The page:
Create Search Folders using the EWS Managed API in a Mailbox or Archive Store using Powershell

Search folders are one of the suite of Exchange search options you can use programatically or to provide users with different views of their mailbox data in Outlook or OWA. Essentially a search folder is like a regular mailbox folder, except that it contains only links to messages in other folders that meet the criteria set in the search filter restriction which means that search folders are great for nonchanging, nondynamic queries. Search folders like Search Filters make use of restrictions in Exchange rather then using the Content Index which means that this comes along with some compromises ,if you are going to use search folders (or a lot of search filters) defiantly have a read of . To create Search Folders using the EWS Managed API its pretty simple for search folders to be visible in Outlook you need to use the SearchFolders WellKnownFolderName enumeration which in a Mailbox relates to the Finder fold

Reading Extended Rights on an Exchange database using ADSI and C#

Although there are a few better methods of doing this these days this is still handy to have especially if your running older versions of Exchange or you want to audit the raw ACE's that are being added by RBAC in Exchange 2010. Extended rights get used for a number of things EWS Impersonation is one, SendAs is another anyway here's an old C# sample I tripped over today. using System; using System.Collections.Generic; using System.Linq; using System.Text; using System.Collections; using System.Security.AccessControl; using System.DirectoryServices; namespace showImpRights { class Program { static void Main(string[] args) { DirectoryEntry rootdse = new DirectoryEntry("LDAP://RootDSE"); DirectoryEntry cfg = new DirectoryEntry("LDAP://" + rootdse.Properties["configurationnamingcontext"].Value); DirectoryEntry exRights = new DirectoryEntry("LDAP://cn=Extended-rig

Using the AllItems Search folder from Outlook 2010 on Exchange 2010 with Powershell and the EWS Managed API

Search folders in Exchange make searching for items in multiple folders a little more easier and/or allows you to group and find email with certain properties easier eg things like Unread email, Flagged for followup etc. Outlook 2010 makes use of these features for To-Do list etc. One useful search folder that gets created by Outlook 2010 when its used against a Exchange 2010 server is the AllItems search folder. eg this one This is a search folder that gets created in the NON_IPM_Subtree folder and essentially allows you to do a generic search of all the folders within a Mailbox. This can be useful in a powershell script if you do need to enumerate every item within a mailbox to use the Allitems search folder you first need to do a search for this search folder in the Mailbox Root and then you can use some normal findItems enumeration code. To filter a findfolders operation to only return search folders you can use the PR_Folder_Type extended property if this property is set to 2 then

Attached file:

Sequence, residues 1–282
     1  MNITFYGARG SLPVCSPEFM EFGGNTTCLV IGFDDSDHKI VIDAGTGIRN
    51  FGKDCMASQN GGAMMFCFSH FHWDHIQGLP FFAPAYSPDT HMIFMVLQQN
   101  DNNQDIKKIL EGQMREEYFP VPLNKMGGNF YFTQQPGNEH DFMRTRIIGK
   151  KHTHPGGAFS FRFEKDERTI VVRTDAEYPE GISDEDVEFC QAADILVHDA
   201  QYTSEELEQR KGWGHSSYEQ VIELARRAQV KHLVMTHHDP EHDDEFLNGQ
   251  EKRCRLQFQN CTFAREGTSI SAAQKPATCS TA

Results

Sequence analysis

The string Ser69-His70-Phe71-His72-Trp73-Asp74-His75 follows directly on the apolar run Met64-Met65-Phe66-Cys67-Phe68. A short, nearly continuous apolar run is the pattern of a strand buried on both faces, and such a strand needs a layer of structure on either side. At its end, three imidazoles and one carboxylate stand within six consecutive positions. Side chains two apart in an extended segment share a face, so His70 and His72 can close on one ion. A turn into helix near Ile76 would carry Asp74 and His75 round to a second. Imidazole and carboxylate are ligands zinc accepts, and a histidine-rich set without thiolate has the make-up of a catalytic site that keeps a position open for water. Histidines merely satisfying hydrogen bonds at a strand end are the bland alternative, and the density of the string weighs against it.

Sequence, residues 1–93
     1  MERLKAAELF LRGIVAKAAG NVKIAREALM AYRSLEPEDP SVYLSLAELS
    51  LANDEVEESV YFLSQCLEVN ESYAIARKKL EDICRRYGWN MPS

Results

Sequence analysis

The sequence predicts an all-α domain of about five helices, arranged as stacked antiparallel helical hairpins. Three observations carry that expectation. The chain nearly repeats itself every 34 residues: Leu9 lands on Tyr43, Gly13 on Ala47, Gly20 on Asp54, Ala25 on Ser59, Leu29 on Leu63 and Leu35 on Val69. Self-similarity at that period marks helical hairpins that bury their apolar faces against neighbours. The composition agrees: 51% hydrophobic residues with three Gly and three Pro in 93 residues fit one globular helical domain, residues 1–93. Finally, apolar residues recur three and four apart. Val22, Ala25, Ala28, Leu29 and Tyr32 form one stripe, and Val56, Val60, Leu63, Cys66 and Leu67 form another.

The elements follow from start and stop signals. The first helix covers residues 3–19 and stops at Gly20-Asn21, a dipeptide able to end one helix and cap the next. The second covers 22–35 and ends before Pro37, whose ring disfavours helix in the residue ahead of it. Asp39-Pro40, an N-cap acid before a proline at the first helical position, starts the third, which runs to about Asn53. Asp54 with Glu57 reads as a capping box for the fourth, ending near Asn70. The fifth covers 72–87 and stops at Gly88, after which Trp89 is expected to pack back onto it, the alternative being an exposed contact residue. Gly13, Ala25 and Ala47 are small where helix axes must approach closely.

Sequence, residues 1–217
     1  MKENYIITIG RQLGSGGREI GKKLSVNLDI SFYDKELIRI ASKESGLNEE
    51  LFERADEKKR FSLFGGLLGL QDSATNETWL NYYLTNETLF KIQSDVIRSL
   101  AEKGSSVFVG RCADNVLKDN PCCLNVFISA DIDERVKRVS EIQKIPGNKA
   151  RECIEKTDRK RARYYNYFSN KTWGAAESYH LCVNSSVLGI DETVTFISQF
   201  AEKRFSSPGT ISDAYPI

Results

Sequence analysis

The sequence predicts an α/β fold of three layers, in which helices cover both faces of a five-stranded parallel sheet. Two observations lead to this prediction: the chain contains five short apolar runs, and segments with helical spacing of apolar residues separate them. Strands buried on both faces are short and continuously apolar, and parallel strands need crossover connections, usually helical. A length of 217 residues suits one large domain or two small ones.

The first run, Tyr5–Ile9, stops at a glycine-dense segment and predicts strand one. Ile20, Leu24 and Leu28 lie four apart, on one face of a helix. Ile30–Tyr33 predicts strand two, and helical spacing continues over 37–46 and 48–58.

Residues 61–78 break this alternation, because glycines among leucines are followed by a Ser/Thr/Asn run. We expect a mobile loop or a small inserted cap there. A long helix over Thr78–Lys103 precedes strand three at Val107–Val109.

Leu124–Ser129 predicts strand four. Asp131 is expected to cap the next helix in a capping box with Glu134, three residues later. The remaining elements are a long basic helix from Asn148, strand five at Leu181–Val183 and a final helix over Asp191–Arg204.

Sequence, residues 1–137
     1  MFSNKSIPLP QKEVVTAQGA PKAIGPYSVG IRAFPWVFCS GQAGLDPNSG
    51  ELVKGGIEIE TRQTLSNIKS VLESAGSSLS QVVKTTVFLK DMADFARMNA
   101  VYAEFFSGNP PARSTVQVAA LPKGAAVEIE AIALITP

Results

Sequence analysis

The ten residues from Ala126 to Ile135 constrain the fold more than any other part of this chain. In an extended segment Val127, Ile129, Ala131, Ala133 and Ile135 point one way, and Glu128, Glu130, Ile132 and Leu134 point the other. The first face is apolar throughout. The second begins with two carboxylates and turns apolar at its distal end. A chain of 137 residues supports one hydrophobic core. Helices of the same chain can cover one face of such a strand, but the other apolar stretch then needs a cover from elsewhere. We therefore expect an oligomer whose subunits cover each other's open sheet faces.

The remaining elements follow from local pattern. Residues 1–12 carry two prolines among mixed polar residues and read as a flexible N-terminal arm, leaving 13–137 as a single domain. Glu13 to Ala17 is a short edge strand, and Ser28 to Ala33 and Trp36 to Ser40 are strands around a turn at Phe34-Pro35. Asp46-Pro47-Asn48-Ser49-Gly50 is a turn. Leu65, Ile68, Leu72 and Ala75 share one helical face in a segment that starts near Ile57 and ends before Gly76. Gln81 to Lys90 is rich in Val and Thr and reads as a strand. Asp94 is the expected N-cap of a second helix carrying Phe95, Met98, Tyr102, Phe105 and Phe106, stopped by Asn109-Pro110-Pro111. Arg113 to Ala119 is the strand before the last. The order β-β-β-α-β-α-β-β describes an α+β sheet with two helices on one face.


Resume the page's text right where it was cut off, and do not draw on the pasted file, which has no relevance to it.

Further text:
Using Autodiscover in powershell with the EWS Managed API and Exchange 2010 and hosted Orgs

When it comes to scripting Exchange autodiscover can be a great source for all types of configuration information about an Exchange mailbox and in 2010 it now returns a lot more information about a users mailbox. The EWS Managed API 1.1 provides some new objects that allows a more granular use of Autodiscover which can be helpful in different situations for example during migrations where DNS records for autodiscover may not exist or point to different server etc. To look at one example lets take Office365 if you want to connect to mailboxes in the Exchange Online cloud using EWS but DNS isn't setup your hosted domain for autodiscover you could use the following script to discover the EWS URL to use. $mailbox = "" [System.Net.ServicePointManager]::ServerCertificateValidationCallback = {$true } $dllpath = "C:\Program Files\Microsoft\Exchange\Web Services\1.1\Microsoft.Exchange.WebServices.dll" [void][Reflection.Assembly]::LoadFile(

Running Exchange Online and Office365 Powershell cmdlets in C# and managed code

When you’re looking at automating Office365 and Exchange Online from managed code you need to be aware of the 2 sets of cmdlets that you may need to use depending on the tasks that your trying to perform. Most of the administration of ExchangeOnline is done using remote powershell where Exchange Online provides a subset of the normal on-premise Exchange 2010 SP1 cmdlets. The other cmdlet set to be aware of is the MSOnline powershell module which you need download and install . The MSOnline module contains cmdlets to allow administration of the wider Office365 service and perform more of the directory/service and service provider functions more akin to Active directory management in a on premise environment (eg adding users to groups etc). So when using this from Managed code to use Remote powershell against Exchange Online you use the standard code you would use against an on-premise Exchange 2010 deployment aga